As an actual user, one expects that the aforementioned tasks/workflows are executed to produce results of interest. For this reason, researchers developed workflow execution systems, which combine workflow files (.cwl, .nf or .wdl) with parameter files (.json of .yaml) and input data to generate a dependency tree and actually execute the processing tasks. The most popular workflow executors are: Toil and Cromwell. These tools are flexible enough to support different computing backends such as local, cluster, custom environments and cloud.

Distributing bioinformatics tools and keeping track of their versions between several workflows and computing nodes have become a big problem for both system administrators (system updates breaks user tools) and users (updated version o tool outputs different results, compromising the reproducibility of the research -- for more information see FAIR Guiding Principles). To solve this problem the research community adopted container technologies, mainly Singularity and Docker. Projects like BioContainers provide thousands of container images of bioinformatics tools. Also, Docker Hub is the main repository for popular open-source projects.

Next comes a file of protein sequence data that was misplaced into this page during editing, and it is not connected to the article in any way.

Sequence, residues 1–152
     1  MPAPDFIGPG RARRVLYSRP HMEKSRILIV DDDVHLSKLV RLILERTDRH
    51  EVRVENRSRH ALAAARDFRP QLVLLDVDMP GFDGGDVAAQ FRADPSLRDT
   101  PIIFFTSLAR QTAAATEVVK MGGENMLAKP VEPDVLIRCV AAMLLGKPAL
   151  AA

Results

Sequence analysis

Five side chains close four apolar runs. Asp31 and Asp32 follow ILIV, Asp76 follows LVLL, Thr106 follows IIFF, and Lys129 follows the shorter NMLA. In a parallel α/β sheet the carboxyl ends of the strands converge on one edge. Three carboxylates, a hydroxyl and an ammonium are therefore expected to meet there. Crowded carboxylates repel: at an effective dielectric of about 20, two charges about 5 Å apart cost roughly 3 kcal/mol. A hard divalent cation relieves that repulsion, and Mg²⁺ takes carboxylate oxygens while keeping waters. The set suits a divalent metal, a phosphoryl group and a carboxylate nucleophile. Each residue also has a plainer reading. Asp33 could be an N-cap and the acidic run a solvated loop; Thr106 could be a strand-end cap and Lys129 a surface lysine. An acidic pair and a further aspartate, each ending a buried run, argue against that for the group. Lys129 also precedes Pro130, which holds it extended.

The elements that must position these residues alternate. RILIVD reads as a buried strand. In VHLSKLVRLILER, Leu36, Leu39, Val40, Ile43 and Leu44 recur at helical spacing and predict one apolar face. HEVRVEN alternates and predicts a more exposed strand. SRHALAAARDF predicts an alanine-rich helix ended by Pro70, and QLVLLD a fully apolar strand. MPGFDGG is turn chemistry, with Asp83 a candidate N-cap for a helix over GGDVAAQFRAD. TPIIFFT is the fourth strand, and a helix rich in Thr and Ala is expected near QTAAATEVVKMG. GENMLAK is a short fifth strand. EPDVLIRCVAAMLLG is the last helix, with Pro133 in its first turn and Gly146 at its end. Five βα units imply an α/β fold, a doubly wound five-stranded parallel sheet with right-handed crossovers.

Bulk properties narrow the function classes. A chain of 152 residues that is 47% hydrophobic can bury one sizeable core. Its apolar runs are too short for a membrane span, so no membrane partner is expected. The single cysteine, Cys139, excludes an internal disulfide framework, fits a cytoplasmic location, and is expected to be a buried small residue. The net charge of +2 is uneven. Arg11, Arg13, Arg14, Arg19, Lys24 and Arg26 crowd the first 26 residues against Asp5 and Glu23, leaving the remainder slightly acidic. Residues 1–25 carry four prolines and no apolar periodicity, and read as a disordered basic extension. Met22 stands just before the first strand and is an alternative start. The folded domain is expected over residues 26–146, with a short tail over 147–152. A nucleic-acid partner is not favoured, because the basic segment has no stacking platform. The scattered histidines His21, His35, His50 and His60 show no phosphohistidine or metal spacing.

Back to workflows... the workflow file + inputs file have been working well for small datasets. With our wftools software, we can submit workflows (and their inputs) to execution services, such as Cromwell in server mode, check workflow executions status and logs, and collect output files copying them to desirable directory. The input JSON file must contain workflow-specific parameter to work, for example, a workflow that require FASTQ files as input we have to provide a list of absolute paths to FASTQ files (two list if paired-end), other workflows may require several resource files that can be specific for different genome versions. It is important to note that Cromwell checks the file existence immediately prior to its use within the task, and this is associated with several downstream errors that force the system to abort the execution of the workflow. Additionally, the input JSON files are manually produced.